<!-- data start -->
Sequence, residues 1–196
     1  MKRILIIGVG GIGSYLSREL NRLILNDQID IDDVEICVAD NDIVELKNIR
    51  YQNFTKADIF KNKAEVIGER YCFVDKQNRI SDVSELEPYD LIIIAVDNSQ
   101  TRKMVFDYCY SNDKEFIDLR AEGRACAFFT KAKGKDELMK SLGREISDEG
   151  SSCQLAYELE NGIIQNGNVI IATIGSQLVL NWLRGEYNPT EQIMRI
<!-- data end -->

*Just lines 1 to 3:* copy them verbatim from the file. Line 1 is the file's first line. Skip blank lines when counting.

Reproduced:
Sequence, residues 1–196
     1  MKRILIIGVG GIGSYLSREL NRLILNDQID IDDVEICVAD NDIVELKNIR
    51  YQNFTKADIF KNKAEVIGER YCFVDKQNRI SDVSELEPYD LIIIAVDNSQ